While Trump refused to offer detailed troop numbers, senior White House officials said he had already authorised his defence secretary to deploy up to 3,900 more troops to Afghanistan.
He warned that the approach would now be more pragmatic than idealistic. Security assistance to Afghanistan was “not a blank check” he said, warning he would not send the military to “construct democracies in faraway lands or create democracies in our own image.”
“We are not nation building again. We are killing terrorists.”
Trump for the first time also left the door open to an eventual political deal with the Taliban. “Someday, after an effective military effort, perhaps it will be possible to have a political settlement that includes elements of the Taliban in Afghanistan,” he said.
“But nobody knows if or when that will ever happen,” he added, before vowing that “America will continue its support for the Afghan government and military as they confront the Taliban in the field.”
His Secretary of State Rex Tillerson went further, saying the United States would “stand ready to support peace talks between the Afghan government and the Taliban without preconditions.”
The Trump administration had originally promised a new Afghan plan by mid-July, but Trump was said to be dissatisfied by initial proposals to deploy a few thousand more troops.
“We will fight to win,” Trump said in the speech at Fort Myer in Arlington, Virginia.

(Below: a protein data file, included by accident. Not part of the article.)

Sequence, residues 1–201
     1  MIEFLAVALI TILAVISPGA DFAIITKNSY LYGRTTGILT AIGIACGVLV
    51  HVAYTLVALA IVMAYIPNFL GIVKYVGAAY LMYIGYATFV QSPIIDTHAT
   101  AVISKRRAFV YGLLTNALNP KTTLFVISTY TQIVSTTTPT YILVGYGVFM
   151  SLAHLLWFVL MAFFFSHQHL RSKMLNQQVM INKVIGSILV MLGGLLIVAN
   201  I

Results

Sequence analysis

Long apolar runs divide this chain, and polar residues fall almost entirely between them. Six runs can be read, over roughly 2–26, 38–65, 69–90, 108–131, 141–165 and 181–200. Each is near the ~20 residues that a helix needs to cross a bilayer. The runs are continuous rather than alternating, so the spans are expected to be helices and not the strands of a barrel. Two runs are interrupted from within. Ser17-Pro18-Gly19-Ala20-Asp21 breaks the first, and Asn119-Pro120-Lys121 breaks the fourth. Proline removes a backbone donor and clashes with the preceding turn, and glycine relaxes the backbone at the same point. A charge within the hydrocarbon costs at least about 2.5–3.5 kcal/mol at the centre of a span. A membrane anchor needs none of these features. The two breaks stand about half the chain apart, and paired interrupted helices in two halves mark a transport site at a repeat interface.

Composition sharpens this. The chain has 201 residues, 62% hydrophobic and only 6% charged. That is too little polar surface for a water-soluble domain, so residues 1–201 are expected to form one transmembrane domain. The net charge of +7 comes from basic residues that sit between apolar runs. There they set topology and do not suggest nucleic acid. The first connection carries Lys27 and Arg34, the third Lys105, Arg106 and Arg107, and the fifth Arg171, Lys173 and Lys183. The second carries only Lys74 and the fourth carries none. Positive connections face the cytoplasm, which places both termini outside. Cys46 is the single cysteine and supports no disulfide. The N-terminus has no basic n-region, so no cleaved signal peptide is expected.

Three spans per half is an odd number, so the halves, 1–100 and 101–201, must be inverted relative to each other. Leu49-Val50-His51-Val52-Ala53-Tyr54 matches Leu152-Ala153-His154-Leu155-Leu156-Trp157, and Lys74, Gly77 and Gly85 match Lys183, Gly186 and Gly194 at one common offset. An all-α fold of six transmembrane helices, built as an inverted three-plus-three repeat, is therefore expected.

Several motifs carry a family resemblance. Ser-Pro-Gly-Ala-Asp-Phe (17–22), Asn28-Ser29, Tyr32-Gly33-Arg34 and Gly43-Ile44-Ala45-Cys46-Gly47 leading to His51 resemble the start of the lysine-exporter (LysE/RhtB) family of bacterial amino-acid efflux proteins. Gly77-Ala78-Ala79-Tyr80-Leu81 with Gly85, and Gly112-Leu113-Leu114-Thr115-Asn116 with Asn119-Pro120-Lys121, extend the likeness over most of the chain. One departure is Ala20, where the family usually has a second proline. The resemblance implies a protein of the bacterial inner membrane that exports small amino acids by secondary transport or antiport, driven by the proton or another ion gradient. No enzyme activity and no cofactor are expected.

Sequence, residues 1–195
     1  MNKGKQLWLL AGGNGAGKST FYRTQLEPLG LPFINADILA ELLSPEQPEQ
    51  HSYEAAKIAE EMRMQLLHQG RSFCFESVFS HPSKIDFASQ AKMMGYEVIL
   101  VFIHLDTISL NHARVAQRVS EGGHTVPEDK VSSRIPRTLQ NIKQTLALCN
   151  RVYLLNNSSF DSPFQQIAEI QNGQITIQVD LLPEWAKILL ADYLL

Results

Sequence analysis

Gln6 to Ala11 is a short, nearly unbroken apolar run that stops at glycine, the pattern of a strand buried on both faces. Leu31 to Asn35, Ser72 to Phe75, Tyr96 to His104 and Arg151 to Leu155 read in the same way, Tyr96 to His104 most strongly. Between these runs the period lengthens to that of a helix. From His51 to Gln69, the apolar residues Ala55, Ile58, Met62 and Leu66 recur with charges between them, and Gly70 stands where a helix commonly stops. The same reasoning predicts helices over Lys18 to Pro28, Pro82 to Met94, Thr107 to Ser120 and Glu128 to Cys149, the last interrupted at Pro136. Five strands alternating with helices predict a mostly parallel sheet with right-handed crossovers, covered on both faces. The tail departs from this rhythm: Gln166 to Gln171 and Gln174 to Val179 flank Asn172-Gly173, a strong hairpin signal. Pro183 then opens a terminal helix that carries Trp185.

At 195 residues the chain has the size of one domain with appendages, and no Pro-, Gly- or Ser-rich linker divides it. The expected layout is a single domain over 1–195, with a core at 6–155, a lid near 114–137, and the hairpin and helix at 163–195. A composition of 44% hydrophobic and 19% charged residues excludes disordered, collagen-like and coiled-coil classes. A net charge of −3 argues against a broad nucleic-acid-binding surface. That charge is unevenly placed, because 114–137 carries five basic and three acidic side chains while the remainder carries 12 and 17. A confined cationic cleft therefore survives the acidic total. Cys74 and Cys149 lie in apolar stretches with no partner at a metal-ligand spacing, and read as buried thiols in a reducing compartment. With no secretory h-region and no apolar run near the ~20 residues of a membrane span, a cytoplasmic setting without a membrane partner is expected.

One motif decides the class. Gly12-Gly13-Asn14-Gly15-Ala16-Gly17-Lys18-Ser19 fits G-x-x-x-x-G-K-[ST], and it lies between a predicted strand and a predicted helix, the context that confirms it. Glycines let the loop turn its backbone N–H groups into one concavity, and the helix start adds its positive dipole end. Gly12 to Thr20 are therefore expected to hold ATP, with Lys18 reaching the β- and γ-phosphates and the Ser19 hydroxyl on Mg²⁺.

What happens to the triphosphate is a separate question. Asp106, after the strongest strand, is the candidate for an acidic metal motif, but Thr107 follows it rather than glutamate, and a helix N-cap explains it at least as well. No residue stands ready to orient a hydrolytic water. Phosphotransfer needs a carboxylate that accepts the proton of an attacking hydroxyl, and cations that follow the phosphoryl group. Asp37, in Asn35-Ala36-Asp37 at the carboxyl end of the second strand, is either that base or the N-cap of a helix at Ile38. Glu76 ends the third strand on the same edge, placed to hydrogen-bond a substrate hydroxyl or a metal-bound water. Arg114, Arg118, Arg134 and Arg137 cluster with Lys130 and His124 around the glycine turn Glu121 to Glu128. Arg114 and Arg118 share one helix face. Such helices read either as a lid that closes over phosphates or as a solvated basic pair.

“America’s enemies must never know our plans, or believe they can wait us out. I will not say when we are going to attack, but attack we will,” said Trump, before a crowd of US troops.
While Trump said “our troops will fight to win”, he also stressed that ultimately Afghanistan’s police and army must do most of the fighting to defeat the Taliban and allied militants.
“The stronger the Afghan security forces become, the less we will have to do. ... We want them to succeed.”
Trump, who had criticised his predecessor for setting deadlines for drawing down troops in Iraq and Afghanistan, declined to put a timeline on expanded US operations in Afghanistan.
Trump also said he had expanded the US military’s authority for its forces to target militant and criminal networks, warning “that no place is beyond the reach of American arms”.
Nikki Haley, the US ambassador to the United Nations, told CNN that Trump’s strategy for Afghanistan included decisions that “are very different from anything that’s happened before.”
“What we are focused on is results, stomping out terrorism, doing whatever it takes,” she said. “You’ve seen the president do this with ISIS in Syria and Iraq. Now we’re getting ready to do it in Afghanistan.”
In his speech, Trump also called on Pakistan’s regional rival India, to “help us more with Afghanistan, especially in the area of economic assistance and development.”
“We appreciate India’s important contributions to stability in Afghanistan but India makes billions of dollars in trade from the United States and we want them to help us more with Afghanistan, especially in the area of economic assistance and development.”